American B-2 Stealth Bombers Hit Suspected ISIS Fighters in Libya

January 19, 2017 Updated: January 19, 2017

U.S. stealth bombers have bombed suspected ISIS terrorist training camps in Libya, with American military officials believing they were successful in destroying them.

The B-2 bombers targeted two ISIS camps on Wednesday evening, dropping about 108 precision-guided bombs, scattering jihadists. They were then attacked by drones that launched hellfire missiles at them, according to Defense Secretary Ash Carter, as reported by Fox News.

An estimated 85 ISIS members were killed in the attack carried out some 30 miles southwest of Sirte. Carter said that many of the fighters had been “actively plotting operations in Europe.”

“The ISIL terrorists targeted included individuals who fled to the remote desert camps from Sirte in order to reorganize, and they posed a security threat to Libya, the region, and U.S. national interests,” Pentagon Press Secretary Peter Cook, referring to ISIS, according to CBS News.

He added: “While we are still evaluating the results of the strikes, the initial assessment indicates they were successful.”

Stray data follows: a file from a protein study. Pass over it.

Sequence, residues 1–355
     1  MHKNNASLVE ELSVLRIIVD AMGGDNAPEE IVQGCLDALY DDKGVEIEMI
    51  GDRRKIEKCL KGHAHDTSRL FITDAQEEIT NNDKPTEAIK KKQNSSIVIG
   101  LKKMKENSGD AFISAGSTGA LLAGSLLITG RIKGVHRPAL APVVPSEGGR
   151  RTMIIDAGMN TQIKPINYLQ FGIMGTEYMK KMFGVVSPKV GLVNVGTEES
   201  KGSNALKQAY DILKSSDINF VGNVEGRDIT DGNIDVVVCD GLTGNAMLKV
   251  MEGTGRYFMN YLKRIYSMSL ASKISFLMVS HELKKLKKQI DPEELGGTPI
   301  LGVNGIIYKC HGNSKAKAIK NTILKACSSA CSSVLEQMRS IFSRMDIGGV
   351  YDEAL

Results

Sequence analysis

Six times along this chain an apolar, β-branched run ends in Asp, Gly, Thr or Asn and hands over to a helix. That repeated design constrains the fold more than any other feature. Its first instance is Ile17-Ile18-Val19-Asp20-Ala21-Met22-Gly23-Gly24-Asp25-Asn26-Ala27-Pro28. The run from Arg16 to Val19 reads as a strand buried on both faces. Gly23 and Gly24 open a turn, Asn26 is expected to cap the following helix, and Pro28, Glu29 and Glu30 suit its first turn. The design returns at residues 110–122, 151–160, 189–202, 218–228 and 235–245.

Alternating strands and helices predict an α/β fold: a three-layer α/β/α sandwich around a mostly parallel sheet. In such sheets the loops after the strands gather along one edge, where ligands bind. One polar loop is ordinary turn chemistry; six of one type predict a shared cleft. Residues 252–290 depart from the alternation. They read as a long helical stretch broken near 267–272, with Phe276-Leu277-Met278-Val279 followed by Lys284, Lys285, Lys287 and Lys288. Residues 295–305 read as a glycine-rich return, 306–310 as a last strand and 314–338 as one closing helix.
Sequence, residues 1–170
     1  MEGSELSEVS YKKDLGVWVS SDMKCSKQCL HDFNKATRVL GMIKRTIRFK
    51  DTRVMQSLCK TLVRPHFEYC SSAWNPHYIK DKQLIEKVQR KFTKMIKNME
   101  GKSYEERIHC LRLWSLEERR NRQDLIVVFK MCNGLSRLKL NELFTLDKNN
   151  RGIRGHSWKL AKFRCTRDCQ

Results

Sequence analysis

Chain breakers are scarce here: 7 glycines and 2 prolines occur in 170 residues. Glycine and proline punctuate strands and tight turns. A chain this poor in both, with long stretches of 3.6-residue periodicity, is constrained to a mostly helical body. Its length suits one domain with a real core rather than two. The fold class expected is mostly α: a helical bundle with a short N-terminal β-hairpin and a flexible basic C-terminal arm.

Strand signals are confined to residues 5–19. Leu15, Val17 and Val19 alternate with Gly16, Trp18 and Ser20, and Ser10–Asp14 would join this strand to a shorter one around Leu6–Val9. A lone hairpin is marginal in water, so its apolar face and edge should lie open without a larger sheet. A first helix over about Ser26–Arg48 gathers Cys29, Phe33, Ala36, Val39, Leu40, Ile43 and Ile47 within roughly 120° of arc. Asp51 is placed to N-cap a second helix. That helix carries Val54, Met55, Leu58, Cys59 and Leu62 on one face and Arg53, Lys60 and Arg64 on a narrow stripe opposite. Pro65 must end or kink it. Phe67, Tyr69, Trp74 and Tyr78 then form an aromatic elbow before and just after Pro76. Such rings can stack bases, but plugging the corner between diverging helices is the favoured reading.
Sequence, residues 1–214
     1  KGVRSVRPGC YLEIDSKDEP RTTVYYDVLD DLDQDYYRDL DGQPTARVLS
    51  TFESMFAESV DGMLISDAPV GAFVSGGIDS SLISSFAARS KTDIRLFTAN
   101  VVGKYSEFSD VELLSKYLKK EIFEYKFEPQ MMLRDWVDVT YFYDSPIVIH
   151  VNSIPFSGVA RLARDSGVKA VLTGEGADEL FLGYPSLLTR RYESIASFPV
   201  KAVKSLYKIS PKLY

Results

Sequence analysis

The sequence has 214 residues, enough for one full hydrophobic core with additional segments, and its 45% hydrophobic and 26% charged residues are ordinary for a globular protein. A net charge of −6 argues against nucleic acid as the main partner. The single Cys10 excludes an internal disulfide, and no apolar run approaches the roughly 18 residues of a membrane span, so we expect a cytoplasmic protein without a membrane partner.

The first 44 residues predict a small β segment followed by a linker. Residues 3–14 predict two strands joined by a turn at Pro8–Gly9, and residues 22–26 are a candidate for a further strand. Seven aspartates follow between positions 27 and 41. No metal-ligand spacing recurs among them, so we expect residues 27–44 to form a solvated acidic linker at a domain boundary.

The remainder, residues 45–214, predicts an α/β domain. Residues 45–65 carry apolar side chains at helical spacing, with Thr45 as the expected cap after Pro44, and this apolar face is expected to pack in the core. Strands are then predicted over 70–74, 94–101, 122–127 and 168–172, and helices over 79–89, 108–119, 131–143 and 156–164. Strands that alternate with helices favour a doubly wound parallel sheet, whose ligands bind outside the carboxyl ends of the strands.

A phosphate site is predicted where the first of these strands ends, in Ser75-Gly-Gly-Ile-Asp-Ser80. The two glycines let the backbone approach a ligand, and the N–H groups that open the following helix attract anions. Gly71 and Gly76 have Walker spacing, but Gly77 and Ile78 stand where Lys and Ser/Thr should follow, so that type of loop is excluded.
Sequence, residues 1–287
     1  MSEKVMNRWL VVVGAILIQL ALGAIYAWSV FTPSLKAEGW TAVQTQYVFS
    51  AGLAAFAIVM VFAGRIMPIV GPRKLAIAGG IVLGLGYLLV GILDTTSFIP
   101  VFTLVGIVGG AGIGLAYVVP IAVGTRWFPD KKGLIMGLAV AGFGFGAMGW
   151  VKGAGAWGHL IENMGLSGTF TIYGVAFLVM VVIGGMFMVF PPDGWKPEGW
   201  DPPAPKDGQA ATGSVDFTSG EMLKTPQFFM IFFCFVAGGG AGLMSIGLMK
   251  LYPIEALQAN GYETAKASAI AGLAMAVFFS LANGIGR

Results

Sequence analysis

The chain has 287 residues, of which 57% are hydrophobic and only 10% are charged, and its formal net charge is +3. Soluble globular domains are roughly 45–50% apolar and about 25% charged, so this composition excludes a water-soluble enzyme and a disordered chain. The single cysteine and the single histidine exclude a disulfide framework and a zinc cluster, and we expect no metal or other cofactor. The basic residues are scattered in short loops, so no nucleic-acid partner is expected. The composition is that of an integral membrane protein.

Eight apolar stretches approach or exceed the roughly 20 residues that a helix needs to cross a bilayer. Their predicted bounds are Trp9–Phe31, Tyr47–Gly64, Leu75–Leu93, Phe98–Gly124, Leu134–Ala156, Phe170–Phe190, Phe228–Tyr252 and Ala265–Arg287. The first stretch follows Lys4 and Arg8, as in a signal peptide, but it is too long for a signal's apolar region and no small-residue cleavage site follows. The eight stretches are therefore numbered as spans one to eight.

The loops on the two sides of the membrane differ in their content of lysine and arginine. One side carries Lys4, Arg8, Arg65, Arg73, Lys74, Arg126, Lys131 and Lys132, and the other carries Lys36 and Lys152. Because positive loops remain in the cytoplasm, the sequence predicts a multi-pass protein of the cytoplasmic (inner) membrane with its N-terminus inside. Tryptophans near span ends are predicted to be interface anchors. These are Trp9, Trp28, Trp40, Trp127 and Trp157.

U.S. defense officials said that the B-2 airstrikes were authorized by President Obama.

ISIS has gained hold in parts of Libya after the fall of dictator Moammar Gadhafi, who was killed during a popular uprising in 2011. The U.S. government announced airstrikes against Libya in the summer of 2016.

The B-2 bomber, or the Northrop Grumman B-2 Spirit, was first introduced in 1997. The bomber, which is capable of deploying thermonuclear weapons, was first used in combat during the Kosovo War in 1999.

The total program cost of the B-2, including development, amounted to around $2.1 billion per aircraft in 1997. A total of 20 B-2 bombers are in service in the U.S. Air Force.